DR Legal News: Illinois Business Brokers Act and Real Estate Brokers

Illinois Business Brokers Act and Real Estate Brokers

SelfResearch and analysis by Christine Self, Sorling Northrup Attorneys

Illinois Business Brokers Act

The Illinois Business Brokers Act of 1995 (IBBA), as amended, requires those people who engage in brokering the sales of non-securities type businesses register with the Illinois Secretary of State's office and pay a required fee before engaging in such activity.  Annual renewal of the registration and fee are required.  There are also disclosure and record-keeping requirements for registrants.

Licensed real estate salespeople and brokers may be called upon to assist with the sale of a business that fits within the parameters of the IBBA, so it is important to analyze whether or not they must register with the Secretary of State’s office to ensure compliance. If the sale of the business is one in which an interest in real estate is a dominant element in the transaction, then the IBBA does not apply. As a result, the first question to address is whether an interest in real estate is a dominant element in the transaction. The rules under the IBBA define “dominant element” as one in which the interest in real estate is of a dollar value worth at least 50% of the net asset value or purchase price of the business, is an integral part of the transaction, or is the single largest part of the transaction. It is worth noting that, if an interest in real estate is a dominant element of the transaction, the person brokering the transaction would need a properly sponsored real estate license.

In addition, according to the rules under the IBBA, one would look to the definition of "real estate" in the Real Estate License Act of 2000 to determine what constitutes an interest in real estate. Of particular interest to these types of transactions, leaseholds are clearly included in that definition. If the leasehold being transferred fits any of the criteria set forth under the definition of dominant element, the transaction could be classified as a real estate transaction as opposed to a business transaction. The agent is then covered by his real estate license and would not need to register under the IBBA.

Exemption for Real Estate Licensees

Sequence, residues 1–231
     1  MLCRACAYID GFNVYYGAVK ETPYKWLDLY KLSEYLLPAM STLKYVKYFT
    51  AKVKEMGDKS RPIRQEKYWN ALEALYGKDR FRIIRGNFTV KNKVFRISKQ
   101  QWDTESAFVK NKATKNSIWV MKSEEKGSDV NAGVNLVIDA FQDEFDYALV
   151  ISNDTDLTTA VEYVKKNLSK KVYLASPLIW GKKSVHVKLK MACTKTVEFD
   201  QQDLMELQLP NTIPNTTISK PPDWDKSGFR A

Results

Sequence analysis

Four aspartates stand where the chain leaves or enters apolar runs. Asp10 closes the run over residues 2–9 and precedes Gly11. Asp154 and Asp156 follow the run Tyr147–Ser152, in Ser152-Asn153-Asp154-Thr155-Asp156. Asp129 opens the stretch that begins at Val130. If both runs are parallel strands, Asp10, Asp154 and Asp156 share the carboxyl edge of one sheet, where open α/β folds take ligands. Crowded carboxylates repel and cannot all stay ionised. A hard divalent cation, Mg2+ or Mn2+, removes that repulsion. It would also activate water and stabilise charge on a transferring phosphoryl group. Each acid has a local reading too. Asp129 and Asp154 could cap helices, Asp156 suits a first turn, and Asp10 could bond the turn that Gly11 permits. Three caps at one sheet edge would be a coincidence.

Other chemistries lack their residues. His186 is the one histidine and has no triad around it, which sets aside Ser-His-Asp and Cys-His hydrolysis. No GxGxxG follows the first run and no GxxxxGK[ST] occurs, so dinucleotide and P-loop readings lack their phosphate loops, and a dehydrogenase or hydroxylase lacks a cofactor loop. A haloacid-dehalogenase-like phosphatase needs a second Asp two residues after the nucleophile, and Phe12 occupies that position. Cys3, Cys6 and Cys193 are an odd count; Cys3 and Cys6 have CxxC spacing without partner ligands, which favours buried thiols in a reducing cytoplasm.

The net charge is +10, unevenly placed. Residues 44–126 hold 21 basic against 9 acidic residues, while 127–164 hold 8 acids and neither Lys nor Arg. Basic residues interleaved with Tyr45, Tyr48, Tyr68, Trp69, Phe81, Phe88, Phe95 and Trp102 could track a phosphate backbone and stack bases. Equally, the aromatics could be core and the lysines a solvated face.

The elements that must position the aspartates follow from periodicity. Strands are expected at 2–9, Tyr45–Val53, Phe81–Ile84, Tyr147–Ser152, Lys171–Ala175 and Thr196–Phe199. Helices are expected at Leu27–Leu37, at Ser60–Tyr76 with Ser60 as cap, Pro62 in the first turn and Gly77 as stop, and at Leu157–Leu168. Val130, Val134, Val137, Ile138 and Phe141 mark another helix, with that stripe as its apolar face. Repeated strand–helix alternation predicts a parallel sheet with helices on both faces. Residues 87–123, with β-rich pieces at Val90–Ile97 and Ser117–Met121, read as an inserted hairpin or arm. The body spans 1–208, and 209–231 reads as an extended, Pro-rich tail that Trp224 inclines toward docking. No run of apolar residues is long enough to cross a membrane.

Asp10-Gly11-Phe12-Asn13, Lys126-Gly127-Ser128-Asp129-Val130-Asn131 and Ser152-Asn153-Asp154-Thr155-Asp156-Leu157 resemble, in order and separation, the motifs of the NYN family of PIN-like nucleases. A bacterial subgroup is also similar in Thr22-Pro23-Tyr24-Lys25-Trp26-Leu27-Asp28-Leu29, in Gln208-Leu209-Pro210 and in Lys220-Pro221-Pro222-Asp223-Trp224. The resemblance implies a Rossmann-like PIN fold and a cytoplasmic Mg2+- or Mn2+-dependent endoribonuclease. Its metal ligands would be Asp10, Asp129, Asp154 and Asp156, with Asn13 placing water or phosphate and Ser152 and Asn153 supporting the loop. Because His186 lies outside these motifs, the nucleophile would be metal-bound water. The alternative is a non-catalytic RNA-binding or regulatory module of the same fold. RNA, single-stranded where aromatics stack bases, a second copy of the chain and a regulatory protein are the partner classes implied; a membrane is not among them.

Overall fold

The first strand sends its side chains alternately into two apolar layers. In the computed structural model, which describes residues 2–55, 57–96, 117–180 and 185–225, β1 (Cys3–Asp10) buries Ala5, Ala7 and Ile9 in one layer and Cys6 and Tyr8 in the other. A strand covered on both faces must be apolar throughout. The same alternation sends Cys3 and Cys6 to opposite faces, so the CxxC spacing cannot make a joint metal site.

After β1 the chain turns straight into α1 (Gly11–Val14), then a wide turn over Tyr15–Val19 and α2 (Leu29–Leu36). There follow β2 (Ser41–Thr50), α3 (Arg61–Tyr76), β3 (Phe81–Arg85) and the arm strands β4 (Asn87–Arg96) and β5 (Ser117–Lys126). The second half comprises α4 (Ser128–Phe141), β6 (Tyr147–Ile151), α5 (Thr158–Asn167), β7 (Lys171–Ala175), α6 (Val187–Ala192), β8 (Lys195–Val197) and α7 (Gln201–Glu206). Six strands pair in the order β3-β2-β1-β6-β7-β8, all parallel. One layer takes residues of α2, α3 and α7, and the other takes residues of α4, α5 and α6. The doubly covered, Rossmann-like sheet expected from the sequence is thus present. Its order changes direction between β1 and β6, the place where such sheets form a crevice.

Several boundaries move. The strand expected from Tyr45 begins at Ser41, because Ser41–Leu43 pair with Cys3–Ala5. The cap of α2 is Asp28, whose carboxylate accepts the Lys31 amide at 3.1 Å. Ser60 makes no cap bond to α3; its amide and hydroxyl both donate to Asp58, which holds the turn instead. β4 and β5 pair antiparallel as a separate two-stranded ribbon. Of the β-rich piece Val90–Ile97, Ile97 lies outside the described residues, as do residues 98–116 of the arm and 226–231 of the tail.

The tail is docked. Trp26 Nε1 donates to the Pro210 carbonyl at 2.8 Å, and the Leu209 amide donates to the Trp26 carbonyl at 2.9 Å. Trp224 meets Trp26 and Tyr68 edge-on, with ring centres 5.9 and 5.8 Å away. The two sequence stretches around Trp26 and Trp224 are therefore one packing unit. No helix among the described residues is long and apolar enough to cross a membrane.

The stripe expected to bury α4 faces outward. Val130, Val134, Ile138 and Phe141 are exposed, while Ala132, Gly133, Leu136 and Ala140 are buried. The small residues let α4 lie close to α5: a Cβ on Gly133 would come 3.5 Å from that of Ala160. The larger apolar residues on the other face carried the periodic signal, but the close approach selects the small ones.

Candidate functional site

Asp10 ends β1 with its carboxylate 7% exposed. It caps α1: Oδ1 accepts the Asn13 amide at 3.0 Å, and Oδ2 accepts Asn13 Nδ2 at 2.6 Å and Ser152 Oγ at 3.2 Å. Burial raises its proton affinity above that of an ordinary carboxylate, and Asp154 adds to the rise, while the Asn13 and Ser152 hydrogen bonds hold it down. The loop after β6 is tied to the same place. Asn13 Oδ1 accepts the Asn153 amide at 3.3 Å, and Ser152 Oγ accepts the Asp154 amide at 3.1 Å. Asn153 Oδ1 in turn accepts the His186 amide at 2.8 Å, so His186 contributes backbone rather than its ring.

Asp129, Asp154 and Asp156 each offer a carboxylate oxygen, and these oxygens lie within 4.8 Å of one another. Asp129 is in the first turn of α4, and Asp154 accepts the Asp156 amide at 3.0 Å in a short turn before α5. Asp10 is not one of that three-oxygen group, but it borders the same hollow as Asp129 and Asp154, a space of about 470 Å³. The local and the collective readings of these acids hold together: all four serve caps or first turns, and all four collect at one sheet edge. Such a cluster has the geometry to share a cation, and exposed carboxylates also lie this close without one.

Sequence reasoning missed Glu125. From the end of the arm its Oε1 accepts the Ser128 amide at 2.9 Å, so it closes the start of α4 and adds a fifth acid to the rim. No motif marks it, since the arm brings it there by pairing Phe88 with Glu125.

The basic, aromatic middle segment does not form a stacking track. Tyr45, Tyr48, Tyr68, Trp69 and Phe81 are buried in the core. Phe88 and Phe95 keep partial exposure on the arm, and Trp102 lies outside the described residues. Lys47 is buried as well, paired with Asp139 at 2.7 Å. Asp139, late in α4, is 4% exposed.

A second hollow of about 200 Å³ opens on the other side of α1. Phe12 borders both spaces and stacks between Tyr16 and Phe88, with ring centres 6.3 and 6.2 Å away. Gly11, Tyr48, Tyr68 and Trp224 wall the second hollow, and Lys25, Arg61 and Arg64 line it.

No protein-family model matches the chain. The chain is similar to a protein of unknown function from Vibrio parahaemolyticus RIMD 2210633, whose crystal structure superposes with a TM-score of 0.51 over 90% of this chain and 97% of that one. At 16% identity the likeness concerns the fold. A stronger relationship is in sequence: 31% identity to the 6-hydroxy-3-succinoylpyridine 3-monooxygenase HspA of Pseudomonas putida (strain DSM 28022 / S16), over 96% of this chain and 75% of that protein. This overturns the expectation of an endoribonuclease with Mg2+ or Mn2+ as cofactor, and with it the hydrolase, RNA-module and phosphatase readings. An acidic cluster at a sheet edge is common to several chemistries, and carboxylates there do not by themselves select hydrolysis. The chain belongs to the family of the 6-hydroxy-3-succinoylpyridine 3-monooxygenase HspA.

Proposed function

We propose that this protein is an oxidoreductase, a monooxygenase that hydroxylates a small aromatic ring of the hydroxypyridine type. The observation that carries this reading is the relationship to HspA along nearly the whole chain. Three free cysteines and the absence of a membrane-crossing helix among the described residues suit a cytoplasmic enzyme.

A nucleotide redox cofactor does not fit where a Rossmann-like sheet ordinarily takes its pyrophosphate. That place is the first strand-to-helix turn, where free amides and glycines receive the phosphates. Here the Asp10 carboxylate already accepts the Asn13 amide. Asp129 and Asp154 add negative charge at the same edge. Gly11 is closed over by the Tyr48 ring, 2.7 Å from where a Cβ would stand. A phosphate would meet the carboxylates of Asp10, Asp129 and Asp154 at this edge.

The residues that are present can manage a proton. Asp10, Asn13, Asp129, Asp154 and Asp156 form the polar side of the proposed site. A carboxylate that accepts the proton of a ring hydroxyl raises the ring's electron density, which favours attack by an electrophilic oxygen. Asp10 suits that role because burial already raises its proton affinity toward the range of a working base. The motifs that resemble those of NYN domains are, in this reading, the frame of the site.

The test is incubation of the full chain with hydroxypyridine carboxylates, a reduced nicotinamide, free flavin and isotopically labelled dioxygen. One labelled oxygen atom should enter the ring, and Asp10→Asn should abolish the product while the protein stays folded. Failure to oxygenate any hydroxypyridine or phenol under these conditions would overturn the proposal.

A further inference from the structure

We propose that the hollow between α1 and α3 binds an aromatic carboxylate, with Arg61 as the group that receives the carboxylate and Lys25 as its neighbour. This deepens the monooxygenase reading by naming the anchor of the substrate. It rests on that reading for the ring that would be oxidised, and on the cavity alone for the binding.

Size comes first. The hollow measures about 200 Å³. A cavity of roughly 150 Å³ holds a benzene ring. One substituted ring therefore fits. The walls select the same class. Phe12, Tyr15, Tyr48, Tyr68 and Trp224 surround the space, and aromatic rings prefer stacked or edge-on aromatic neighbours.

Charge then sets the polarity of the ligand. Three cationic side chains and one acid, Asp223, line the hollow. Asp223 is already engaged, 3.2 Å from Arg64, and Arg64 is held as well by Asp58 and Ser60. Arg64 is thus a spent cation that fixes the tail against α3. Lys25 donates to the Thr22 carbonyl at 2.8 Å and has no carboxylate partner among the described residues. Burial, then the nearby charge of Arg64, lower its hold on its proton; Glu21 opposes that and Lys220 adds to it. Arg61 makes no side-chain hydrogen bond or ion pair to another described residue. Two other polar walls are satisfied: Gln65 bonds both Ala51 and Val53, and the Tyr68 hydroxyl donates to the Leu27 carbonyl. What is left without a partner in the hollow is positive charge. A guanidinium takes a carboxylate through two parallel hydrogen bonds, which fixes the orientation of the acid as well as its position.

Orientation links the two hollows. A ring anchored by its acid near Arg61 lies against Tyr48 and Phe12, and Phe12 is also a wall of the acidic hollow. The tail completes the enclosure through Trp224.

The good news is that the IBBA contains an exemption for licensed real estate brokers and salespeople if they are “primarily engaged in business activities for which a license is required under the [Illinois Real Estate License] Act and who, on an incidental basis, act[ ] as a business broker.”  The bad news is that the IBBA does not define “incidental basis” in this exemption, therefore potentially leaving you exposed to liability for not complying.  

The real estate practitioner must determine whether or not the transaction fits into the category of “incidental basis” when asked to broker a business transaction that does not fit the classification of a real estate transaction. Depending on the real estate licensee's real estate business, one business transaction might be enough to require registration under the IBBA. Assume the real estate licensee practices on a part-time basis and does an average of two real estate transactions a year. That person may not be able to argue successfully that to do one business brokerage transaction is "incidental" to his real estate business. On the other hand, if the real estate licensee does 50 real estate transactions in a year, he has a better argument that one business brokerage transaction would be incidental to his real estate practice.

If the potential commission is substantial, or there is any question at all as to whether or not it would be incidental, avoid the issue by registering with the Secretary of State’s office and paying the required fee. (http://www.cyberdriveillinois.com/departments/securities/busbroker.html). It is a registration process and not really a licensing procedure. As always, if there is any doubt, consult the advice of an attorney to review the particular facts.

Protection for Real Estate Professionals

It should be noted that your errors and omissions insurance carrier may not provide coverage for business brokerage transactions in which you participate.  If you provide such services to your clients, you should check with your agent to see if you are covered.  They will likely do a close analysis of not only the transactions for which you seek coverage, but the business knowledge, skills, and experience of the insured before providing coverage. Aside from checking with your insurance professional, you should seek legal advice on whether your transactions are subject to the IBBA if you participate in such business brokerage transactions.  

1-815 ILCS 307/10-1 et seq.

2-Ill. Admin. Code tit. 14, § 140.51

3-225 ILCS 454/

4-225 ILCS 454/1-10

5-815 ILCS 307-10-80(a)(2)